Generating Ideas Faster Copy

These ideas are from Mark Levy’s book Accidental Genius. It’s a great book to help you generate ideas faster.

1. Try Easy
2. Write Fast and Continuously
3. Work Against a Limit
4. Write the Way You Think
5. Go with the Thought
6. Redirect Your Attention

1. Try Easy

Levy’s first step in becoming a more prolific writer is to put in less effort. He shares a story of an Olympic coach who told his runners to run a 9/10’s speed. They all ran faster than they had at full speed because they had relaxed their muscles. It turns out that 90% effort is more efficient than 100% effort. Going 90% might sound like a silly trick but isn’t believing we can go 100% also silly? No one can go 100% for very long so when you write “try easy” and go at 90%.

Author and entrepreneur Derek Sivers also talks about this principle how he increased his speed by taking it easy.

When I notice I’m all stressed out about something, or driving myself to exhaustion, I remember that bike ride, and try dialing back my effort by 50%. It’s been amazing how often everything gets done just as well and just as fast, with what feels like 50% of the effort. Which, of course, makes me realize that much of my effort apparently wasn’t effort at all, but just ineffective stress added on top of something to make it feel like I’m doing the best I can.



Begin your writing session by declaring your honest expectations for your session. Set the height of the bar you’re going to reach for. Write this out as a way to loosen up and also declare your expectations. Then fulfill those expectations by continuing to write. Is this lowering expectations? Yes. It also relieves the pressure for perfect prose.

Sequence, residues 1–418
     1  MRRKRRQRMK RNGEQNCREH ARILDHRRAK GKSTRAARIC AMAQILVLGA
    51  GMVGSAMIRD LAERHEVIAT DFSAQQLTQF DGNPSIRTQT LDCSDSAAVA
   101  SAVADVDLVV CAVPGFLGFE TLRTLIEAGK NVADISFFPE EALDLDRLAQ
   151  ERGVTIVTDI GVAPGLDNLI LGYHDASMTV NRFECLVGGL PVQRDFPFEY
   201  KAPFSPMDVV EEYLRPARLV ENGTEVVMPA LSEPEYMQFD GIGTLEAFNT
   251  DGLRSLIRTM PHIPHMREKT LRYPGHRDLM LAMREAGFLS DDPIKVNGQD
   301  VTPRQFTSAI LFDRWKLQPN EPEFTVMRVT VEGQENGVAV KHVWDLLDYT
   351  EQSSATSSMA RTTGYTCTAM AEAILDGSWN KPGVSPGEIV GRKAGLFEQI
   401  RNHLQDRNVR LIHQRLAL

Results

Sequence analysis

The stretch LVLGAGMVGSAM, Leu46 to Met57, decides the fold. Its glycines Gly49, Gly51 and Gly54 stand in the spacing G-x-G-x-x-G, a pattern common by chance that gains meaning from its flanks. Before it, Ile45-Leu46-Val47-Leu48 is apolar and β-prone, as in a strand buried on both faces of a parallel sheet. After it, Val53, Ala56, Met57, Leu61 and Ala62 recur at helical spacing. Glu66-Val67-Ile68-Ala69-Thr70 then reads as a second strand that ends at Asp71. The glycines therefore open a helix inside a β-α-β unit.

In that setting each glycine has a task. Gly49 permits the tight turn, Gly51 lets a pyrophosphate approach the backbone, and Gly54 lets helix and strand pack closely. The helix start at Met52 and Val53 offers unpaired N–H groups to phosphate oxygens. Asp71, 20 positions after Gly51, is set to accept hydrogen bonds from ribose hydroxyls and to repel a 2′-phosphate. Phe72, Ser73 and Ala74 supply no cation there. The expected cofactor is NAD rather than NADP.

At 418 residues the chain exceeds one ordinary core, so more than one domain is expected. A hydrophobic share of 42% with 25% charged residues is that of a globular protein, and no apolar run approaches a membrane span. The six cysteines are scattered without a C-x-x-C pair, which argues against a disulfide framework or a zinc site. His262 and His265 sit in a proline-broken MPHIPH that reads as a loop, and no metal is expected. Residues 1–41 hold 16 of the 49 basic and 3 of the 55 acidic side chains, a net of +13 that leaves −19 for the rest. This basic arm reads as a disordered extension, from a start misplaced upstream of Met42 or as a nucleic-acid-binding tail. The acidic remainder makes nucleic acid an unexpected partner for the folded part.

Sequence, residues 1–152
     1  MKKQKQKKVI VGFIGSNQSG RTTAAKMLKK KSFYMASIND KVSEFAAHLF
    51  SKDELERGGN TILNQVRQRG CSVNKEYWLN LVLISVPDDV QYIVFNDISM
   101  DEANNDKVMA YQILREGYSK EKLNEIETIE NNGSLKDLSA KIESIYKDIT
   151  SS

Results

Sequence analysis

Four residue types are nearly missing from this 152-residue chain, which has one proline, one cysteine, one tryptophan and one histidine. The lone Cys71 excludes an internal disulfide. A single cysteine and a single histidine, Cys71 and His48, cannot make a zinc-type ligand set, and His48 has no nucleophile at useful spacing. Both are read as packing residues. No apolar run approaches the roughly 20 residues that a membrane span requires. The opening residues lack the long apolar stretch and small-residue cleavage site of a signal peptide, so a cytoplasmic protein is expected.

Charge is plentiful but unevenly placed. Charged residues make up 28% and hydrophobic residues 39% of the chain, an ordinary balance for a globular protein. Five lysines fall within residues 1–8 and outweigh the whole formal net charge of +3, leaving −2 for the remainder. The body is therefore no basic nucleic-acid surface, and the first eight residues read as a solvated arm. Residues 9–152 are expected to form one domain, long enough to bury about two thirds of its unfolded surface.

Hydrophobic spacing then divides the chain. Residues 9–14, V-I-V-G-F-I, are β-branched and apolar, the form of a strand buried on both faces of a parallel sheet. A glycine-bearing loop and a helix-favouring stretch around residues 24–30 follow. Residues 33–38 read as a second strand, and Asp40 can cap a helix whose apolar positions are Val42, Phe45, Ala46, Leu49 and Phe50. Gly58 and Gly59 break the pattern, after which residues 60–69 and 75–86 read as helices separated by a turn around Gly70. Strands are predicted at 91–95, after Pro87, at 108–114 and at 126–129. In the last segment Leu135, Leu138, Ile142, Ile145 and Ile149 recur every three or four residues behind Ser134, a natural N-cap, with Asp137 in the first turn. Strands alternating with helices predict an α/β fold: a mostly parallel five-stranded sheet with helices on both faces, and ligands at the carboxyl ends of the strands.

2. Write Fast and Continuously

There are two reasons to do something fast. You think you’re doing a good job at it, or you don’t care about the result. Free-writing instructs us to write fast and continuously because our job is to write, not write well. In addition, writing fast and continuously improves our thought process.

Levy teaches that writing fast improves our thought processing by relaxing us. It’s counterintuitive that going faster will make things easier but consider how difficult it is to steer a car when you’re going 3 miles per hour versus when you’re going 30 miles an hour. The faster we go, the easier it is to steer. The same is true of how fast we write. Consider how quick you think and how quick you write. They are different speeds because you do more than just write, you edit too.

You can’t pour liquid at measure it at the same time. In the same way, you can’t write and edit at the same time. You must choose. You must choose to write or edit. In order to get your best work out, you must be willing to write continuously. As Levy reminds us, “By writing continuously, you force the edit-crazy part of your mind into a subordinate position, so the idea-producing part can keep spitting out words.”

Writing and editing at the same time is like trying to change a tire on your bicycle while you ride it up a hill. You either move forward or you stop to fix your bike, but you can’t do both. Doing both will kill progress and the “fixing” will take longer than it should. You must choose. Choose to write. There’s plenty of time for editing, later.


Set a timer for five minutes and write using these rules.

1. Don’t stop writing

2. Write gibberish if you run out of things to say

3. Do not edit any words, only move forward

4. Set a goal of quantity, not quality

3. Work Against a Limit = Ignore the quality

You’ve been told that limits are a bad thing, but in fact, limits are helpful when writing. Knowing limits helps you build your mental strength to keep going when you want to quit. Why do runners collapse at the end of a marathon? They’ve trained for and reached their limit, 26.2 miles. Limits give us energy because we know how far we have to go. 

When we free-write with a timed limit or a “number of ideas” limit, Levy teaches that we find comfort in knowing that we don’t have to write forever, that we can have a fast pace but not run out of things to say. He recommends 10-20 minute time blocks for free-writing.